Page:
“You spend hours and hours talking to different people and the word fridges kept coming up. The fridges and freezers in each of the police stations are crammed full. All officers and staff talk about having to push them to close them.” During last summer’s heatwave one of the freezers broke down completely which meant that the rape kits within them were not able to be used as evidence.

Deputy Commissioner Dame Lynne Owens said that “she personally” hadn’t seen the fridge position described in the report “but now I know about it I have to understand it.”

Problem units 

The Casey review contains strong criticisms of the culture within MO19  - the specialist firearms command -  and recommends that the Parliamentary, Diplomatic and Protection unit (where both Wayne Couzens and David Carrick served) should "be disbanded" in its current form.

The report describes the unit as "a dark corner of the Met where poor behavious can easily flourish." Officers feel unhappy, unloved and bored, and they are left isolated and unwatched by those above them.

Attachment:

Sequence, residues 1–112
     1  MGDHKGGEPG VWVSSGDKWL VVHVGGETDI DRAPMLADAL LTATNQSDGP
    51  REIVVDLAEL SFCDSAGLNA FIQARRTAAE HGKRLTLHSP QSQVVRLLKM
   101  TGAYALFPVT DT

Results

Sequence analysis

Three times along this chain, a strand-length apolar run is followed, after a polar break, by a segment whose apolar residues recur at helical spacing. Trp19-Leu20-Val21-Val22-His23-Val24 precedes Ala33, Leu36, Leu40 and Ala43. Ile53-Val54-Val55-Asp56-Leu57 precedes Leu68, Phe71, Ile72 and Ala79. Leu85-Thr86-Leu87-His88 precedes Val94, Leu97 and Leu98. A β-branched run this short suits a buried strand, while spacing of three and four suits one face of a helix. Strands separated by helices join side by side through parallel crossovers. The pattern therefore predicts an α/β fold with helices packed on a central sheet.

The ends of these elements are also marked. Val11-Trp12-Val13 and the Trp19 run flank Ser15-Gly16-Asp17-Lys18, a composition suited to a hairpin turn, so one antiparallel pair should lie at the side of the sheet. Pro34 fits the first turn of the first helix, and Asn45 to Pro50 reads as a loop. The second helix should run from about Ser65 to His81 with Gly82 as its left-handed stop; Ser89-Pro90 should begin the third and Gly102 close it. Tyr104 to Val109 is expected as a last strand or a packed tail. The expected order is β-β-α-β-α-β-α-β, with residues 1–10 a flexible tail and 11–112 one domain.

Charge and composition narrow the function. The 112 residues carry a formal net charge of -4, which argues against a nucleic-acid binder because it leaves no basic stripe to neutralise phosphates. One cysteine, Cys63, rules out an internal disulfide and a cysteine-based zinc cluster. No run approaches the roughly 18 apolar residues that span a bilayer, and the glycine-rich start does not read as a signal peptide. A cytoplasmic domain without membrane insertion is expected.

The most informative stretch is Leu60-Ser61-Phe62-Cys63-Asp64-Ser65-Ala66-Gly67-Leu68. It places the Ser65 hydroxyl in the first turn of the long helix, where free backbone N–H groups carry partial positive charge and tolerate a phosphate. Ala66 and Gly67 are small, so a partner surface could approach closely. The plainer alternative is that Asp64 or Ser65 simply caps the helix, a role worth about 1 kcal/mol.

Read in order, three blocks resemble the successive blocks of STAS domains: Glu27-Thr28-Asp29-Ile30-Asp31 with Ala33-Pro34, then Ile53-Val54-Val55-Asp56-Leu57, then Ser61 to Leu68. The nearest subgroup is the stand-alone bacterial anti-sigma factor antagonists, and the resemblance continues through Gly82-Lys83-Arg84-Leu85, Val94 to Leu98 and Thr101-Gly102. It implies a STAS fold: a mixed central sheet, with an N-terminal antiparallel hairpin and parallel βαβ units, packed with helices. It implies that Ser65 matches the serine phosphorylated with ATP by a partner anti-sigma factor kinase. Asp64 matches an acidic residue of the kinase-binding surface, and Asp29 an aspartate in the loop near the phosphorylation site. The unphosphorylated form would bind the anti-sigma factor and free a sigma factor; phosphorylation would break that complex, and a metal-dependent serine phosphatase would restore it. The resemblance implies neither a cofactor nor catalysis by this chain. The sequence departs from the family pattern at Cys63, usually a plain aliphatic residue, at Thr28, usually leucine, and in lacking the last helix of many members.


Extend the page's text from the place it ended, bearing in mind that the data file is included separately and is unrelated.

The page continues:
Baroness Casey told reporters: “I think the really interesting thing about Parliamentary and Diplomatic is they haven’t all been banging on the door saying we have problems yet I think they do have problems.”

Responding to this recommendation Sir Mark Rowley said: “It clearly needs radical reform. I can’t disband it overnight because I have to protect Parliament and the Diplomatic Embassies tomorrow. But we will be as radical and rapid as is practically possible.

“There is already a new leadership team at senior level. A third or half of the sergeants have changed in the last year. We are looking to get a higher turnover of staff to get some new ideas in there. There will also be different arrangements to change their facilities. “